For one thing, the net idea is not only unrealistic, it's actually rather disgusting. Fences fragment ecosystems, and this doesn't even address the harm they would cause. Tagging isn't much better, for different reasons.

The immediate solution is to recognize the problem, stop overfishing, and educate the public. The ultimate solution might be to use technology to grow fish meat (not the whole fish) in high tech factories. Demand and innovation will likely make this possible once the real environmental issues are acknowledged.
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October 07, 2011, 07:46:56 AM
 #83

You can't homestead an ocean.  Japanese whalers would have first claim. 

Interesting concept though.  It assumes that people will take care of the species if they own it.  I'd want a guarantee as there are a minority of jerks in the world and if one owned all whales he should not have the right to exterminate them but assuming a decent owner you are probably correct.


You can homestead a piece of the ocean in the same way that you can homestead a piece of land. You establish "residency" in a way that allows others to understand that you are the rightful owner. On land you have to clearly mark your territory and live there for a few years. There are plenty of ways with modern technology to mark your territory in the ocean.
...snip...


So you live in a boat in the Antarctic whaling grounds a few years.  A Japanese whaler comes along and kills the whales around your boat.  What you gonna do?  Sue them?  Threaten to sink them? Stage a sit down protest on your little boat?  Or face the fact that homesteading the ocean is no more viable a concept than homesteading the clouds?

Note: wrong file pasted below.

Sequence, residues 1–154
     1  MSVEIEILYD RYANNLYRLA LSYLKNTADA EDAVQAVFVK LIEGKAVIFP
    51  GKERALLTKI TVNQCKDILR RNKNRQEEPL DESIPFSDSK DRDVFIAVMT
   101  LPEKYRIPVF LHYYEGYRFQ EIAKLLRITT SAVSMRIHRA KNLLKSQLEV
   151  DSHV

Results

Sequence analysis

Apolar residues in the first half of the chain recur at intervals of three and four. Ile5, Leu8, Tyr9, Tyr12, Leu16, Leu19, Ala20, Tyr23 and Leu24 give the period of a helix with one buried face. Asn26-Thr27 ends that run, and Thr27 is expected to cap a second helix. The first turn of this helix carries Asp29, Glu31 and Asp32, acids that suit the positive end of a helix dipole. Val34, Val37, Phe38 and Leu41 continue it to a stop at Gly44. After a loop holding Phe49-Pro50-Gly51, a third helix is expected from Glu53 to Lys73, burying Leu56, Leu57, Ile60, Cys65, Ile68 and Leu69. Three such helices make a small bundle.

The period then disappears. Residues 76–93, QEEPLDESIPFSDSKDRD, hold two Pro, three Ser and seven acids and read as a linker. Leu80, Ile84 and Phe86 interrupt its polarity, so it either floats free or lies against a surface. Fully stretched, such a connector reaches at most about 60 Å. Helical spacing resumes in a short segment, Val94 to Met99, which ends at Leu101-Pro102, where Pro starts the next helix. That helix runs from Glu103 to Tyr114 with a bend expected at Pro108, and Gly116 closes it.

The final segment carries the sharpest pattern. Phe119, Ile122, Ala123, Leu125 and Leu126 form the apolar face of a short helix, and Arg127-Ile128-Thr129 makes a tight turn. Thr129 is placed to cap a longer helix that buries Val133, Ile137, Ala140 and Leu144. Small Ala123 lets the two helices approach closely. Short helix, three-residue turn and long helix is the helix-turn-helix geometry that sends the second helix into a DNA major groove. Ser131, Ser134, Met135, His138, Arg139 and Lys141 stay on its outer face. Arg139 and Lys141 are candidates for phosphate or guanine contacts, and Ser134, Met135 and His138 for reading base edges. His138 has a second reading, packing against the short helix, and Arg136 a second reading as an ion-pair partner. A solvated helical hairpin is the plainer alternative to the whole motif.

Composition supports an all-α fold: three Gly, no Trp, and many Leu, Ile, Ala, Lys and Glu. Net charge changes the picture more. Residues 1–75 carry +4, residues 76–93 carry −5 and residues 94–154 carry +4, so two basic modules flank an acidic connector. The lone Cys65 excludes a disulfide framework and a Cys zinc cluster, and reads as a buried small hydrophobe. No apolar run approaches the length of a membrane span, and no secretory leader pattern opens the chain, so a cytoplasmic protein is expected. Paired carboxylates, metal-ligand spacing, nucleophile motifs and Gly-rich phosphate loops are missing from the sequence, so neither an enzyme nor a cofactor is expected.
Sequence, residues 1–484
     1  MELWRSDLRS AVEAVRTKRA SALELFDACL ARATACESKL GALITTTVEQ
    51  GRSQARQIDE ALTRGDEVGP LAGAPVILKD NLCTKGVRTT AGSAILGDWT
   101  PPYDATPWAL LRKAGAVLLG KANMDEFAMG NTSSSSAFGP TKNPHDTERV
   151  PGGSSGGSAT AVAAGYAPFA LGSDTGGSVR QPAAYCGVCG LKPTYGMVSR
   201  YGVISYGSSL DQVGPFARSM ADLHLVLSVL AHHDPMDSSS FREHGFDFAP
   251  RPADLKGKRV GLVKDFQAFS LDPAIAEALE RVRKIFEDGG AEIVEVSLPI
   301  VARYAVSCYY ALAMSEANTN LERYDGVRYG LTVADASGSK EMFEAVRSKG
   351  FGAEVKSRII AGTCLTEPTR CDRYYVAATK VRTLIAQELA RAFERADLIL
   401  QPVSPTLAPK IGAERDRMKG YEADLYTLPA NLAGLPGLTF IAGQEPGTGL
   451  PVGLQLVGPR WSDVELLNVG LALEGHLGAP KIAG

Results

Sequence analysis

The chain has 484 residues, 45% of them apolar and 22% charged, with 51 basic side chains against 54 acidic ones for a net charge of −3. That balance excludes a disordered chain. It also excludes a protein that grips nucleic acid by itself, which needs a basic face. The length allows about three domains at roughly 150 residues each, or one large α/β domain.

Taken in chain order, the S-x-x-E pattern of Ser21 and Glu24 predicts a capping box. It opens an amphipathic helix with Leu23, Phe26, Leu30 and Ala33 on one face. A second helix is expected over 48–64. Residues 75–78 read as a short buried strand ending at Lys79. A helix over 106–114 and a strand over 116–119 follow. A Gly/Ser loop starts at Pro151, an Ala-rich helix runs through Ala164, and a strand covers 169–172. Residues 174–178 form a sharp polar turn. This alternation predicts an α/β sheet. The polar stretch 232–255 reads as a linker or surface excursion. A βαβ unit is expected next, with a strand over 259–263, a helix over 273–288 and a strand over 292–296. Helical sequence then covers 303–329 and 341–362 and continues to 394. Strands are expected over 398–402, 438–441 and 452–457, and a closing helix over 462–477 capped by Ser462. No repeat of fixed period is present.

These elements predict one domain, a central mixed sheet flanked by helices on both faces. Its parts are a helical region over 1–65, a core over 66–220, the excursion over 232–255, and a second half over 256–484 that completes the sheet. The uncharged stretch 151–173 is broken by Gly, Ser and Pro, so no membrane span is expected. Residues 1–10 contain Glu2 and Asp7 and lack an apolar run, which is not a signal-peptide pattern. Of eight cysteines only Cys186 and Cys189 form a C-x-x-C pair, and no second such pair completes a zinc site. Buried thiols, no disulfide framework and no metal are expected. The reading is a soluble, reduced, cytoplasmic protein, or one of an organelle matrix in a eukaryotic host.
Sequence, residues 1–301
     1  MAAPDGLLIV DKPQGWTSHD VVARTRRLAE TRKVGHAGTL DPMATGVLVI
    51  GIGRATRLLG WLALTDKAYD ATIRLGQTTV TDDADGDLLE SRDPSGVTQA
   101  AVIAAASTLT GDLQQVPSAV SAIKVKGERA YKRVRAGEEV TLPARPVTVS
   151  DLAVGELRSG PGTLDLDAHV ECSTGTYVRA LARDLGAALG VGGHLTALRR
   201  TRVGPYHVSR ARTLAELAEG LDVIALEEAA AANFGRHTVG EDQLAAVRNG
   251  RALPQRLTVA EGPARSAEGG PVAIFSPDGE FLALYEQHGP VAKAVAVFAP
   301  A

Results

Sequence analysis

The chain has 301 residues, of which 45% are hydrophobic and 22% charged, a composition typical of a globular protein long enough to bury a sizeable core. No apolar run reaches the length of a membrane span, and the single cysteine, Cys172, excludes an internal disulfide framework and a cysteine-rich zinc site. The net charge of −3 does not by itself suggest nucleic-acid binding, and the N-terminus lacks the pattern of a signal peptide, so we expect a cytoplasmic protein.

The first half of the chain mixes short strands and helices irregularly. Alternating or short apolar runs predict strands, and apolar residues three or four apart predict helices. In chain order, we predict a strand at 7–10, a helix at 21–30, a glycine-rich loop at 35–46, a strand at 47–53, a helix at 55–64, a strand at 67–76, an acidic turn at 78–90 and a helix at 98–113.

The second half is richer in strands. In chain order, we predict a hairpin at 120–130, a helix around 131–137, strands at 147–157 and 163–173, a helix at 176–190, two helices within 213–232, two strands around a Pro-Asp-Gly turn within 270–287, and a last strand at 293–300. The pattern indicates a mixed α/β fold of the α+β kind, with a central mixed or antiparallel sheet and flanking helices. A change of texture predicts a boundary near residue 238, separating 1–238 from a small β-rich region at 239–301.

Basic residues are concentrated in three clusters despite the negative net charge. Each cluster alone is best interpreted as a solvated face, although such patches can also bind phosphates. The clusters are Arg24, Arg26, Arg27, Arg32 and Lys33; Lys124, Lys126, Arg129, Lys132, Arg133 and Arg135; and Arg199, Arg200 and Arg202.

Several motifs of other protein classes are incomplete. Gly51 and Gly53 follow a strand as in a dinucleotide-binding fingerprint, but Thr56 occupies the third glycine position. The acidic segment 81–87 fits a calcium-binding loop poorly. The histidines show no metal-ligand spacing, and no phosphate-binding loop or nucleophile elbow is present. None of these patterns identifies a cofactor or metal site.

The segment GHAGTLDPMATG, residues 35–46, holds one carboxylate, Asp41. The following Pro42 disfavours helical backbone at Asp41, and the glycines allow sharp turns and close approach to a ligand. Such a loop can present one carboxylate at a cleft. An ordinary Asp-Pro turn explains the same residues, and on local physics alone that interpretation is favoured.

Please - its great to have new ideas but at least try to make them a little practical.

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October 07, 2011, 02:04:45 PM
 #84

You can't homestead an ocean.  Japanese whalers would have first claim. 

Interesting concept though.  It assumes that people will take care of the species if they own it.  I'd want a guarantee as there are a minority of jerks in the world and if one owned all whales he should not have the right to exterminate them but assuming a decent owner you are probably correct.


You can homestead a piece of the ocean in the same way that you can homestead a piece of land. You establish "residency" in a way that allows others to understand that you are the rightful owner. On land you have to clearly mark your territory and live there for a few years. There are plenty of ways with modern technology to mark your territory in the ocean.
...snip...